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20 Feb 2019
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Evaluating Alfalfa Stands

This past winter has been anything but gentle on the alfalfa currently out in the fields.  Across the Midwest alfalfa dealt with periods of extreme cold temperatures, ice sheets and heaving.  How will the plants deal with these situations?  Only time will tell, but we need to know how to evaluate once spring finally arrives.

One cause of winter injury are extreme temperatures.  An alfalfa plant can tolerate temperatures as low as 5 to 15oF.  When a cell gets exposed to colder temperatures, the water in the cell freezes causing the cell wall to puncture. When temperatures warm back up, all the content in the cell leaks out and the cell dies.  Ice sheeting is another cause of winter kill.  When a sheet of ice covers alfalfa and doesn’t allow air to the crown, toxic metabolites build up and kill the plant.

There are a few ways to identify injured and/or killed alfalfa.  First, look at the roots. Dig aAlfalfa Frost injury plant out in the spring and split the crown in half with a knife.  Are the crown and roots white and firm?  If injured, the crown and roots will be spongy, yellowish to dark brown and dehydrated looking.  If a field is turning green when you begin to evaluate, look for areas of the field that remain brown.  Uneven growth will also occur when the crown buds are slightly damaged.  Surviving buds will begin to grow and the plant will grow new crown buds.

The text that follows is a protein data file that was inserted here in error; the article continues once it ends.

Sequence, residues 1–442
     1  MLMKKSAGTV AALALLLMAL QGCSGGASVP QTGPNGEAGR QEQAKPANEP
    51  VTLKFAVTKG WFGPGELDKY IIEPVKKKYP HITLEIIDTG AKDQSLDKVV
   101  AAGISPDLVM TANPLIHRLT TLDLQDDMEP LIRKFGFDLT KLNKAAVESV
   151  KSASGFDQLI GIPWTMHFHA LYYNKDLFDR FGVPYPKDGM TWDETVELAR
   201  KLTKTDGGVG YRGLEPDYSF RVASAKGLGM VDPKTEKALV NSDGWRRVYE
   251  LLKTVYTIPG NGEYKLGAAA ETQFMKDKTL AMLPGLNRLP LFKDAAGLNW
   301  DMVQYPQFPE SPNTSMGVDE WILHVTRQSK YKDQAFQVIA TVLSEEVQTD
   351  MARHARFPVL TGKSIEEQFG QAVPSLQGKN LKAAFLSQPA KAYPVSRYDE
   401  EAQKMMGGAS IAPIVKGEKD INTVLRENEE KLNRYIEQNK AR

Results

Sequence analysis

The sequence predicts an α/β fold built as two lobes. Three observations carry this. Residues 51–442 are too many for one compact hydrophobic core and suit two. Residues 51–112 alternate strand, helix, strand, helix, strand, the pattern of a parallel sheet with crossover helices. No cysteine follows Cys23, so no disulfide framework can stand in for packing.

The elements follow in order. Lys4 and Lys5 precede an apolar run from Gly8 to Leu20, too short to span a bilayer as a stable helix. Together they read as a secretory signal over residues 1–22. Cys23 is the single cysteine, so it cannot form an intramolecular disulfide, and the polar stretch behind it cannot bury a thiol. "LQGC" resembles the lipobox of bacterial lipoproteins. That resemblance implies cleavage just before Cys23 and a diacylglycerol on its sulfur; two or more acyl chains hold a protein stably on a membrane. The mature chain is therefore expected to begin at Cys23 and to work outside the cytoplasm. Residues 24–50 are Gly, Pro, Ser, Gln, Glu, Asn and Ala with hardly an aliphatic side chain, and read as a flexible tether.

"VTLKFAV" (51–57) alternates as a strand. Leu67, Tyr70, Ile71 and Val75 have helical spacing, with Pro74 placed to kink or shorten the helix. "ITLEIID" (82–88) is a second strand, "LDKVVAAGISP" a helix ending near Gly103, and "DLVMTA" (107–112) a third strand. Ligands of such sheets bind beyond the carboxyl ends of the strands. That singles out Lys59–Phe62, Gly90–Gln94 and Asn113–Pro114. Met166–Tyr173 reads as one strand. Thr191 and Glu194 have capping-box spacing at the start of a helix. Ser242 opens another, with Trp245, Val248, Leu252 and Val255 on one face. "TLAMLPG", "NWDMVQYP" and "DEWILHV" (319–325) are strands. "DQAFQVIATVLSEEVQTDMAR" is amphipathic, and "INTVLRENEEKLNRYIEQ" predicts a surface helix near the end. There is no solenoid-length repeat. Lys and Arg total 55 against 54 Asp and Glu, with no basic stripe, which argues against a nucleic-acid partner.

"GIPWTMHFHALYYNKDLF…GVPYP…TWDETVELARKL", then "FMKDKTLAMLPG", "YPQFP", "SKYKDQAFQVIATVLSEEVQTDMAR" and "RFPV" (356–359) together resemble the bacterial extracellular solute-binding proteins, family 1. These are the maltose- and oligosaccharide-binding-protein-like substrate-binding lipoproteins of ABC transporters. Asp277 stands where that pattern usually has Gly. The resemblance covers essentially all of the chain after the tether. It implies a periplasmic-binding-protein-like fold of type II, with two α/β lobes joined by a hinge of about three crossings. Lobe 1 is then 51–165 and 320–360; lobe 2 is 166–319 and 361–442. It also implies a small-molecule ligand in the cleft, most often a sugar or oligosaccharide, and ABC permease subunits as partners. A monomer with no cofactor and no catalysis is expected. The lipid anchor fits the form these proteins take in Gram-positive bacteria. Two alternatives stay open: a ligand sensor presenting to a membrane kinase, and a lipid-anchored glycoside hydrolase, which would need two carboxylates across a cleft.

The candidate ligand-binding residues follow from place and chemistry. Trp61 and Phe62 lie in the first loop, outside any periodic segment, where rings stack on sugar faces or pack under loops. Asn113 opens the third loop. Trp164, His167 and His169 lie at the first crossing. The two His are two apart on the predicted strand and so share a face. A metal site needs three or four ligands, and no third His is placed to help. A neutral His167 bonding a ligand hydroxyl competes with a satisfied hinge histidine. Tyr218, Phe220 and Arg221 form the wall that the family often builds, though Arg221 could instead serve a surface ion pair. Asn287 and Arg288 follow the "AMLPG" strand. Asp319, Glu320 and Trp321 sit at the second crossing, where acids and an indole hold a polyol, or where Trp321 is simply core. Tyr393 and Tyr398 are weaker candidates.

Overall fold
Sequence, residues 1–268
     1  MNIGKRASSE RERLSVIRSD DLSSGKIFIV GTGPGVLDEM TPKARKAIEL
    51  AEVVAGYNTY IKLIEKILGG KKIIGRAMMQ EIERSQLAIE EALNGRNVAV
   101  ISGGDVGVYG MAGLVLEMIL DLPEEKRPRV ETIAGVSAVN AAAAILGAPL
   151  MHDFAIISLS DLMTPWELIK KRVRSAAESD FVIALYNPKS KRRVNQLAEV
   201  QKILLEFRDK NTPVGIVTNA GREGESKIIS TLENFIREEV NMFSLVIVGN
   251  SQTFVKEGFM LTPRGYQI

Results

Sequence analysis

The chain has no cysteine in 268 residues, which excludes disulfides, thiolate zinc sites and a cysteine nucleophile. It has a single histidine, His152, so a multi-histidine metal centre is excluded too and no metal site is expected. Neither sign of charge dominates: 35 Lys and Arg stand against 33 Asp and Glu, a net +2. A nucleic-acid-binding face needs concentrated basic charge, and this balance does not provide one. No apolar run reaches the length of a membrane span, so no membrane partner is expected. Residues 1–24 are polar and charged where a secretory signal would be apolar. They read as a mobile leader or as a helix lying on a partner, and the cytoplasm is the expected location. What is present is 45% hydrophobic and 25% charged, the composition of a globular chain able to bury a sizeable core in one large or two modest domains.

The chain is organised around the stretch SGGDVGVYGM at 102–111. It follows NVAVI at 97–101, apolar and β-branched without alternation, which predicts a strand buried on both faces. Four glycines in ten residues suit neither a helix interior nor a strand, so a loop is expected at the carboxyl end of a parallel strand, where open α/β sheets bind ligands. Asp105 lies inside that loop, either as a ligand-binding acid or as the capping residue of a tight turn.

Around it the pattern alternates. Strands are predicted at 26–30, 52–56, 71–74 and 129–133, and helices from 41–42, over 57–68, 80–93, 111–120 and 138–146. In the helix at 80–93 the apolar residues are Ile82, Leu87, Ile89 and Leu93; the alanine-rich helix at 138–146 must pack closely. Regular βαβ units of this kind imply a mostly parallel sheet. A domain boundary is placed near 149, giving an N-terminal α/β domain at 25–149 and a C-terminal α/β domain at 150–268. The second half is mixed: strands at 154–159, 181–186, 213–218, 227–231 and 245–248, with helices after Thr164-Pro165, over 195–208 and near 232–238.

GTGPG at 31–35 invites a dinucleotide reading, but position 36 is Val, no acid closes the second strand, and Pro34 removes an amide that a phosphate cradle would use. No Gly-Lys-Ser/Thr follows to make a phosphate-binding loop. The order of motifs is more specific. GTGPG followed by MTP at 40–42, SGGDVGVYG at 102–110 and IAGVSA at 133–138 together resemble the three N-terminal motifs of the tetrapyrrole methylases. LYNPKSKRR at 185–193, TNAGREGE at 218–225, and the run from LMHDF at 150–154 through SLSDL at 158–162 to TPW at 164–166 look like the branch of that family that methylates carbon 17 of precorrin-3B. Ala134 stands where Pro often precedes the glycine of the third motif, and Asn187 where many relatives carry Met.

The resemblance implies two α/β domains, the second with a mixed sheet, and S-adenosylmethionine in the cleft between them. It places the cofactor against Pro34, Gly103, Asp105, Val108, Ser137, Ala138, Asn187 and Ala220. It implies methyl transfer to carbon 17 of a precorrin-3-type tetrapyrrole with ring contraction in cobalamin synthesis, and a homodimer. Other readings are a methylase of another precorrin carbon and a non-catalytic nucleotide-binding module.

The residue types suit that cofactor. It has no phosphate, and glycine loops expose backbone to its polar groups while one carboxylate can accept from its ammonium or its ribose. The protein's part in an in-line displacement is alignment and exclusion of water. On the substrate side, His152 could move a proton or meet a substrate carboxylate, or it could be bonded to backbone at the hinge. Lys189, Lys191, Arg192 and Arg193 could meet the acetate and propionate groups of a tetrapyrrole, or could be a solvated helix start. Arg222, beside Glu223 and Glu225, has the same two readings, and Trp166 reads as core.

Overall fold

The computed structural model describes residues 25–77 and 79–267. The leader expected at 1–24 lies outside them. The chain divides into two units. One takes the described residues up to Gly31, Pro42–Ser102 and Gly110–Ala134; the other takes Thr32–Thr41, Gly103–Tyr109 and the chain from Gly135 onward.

How do you know if the damaged areas are large enough to be concerned?  If stem counts are greater than 55 stems/ft2, yield should not be affected.  Between 40-55 stems/ft2 indicates you will have a yield reduction.  Then, you will have to decide if that field’s yields are needed for this year’s inventory. If so, you may leave for this year, then terminate.  Fewer than 40 stems/ft2 indicates a poor stand and termination should be considered.  If the field is only spotty in damage, annual ryegrass and perennial ryegrass can be inter-seeded to help with forage and to extend life of the stand.

alfalfa stem densityAn alfalfa stand can be slow to recover, so make sure you evaluate properly.  If stem counts are in the 40-55 stems/ft2, you should probably get everything you can get out of the stand for one last year, then terminate.  If the stand is spotty, inter-seeding should be considered to stretch the life of the stand.  If the alfalfa is injured, let the stand mature slightly longer, and then cut with an increased height.  This will give the damaged alfalfa the best chance to recover fully.

Sources and additional information:
https://fyi.extension.wisc.edu/forage/evaluating-and-managing-alfalfa-stands-for-winter-injury/
https://fyi.extension.wisc.edu/forage/alfalfa-stand-assessment-is-this-stand-good-enough-to-keep/

Download a copy of this technical bulletin here: Evaluating Alflfa Stands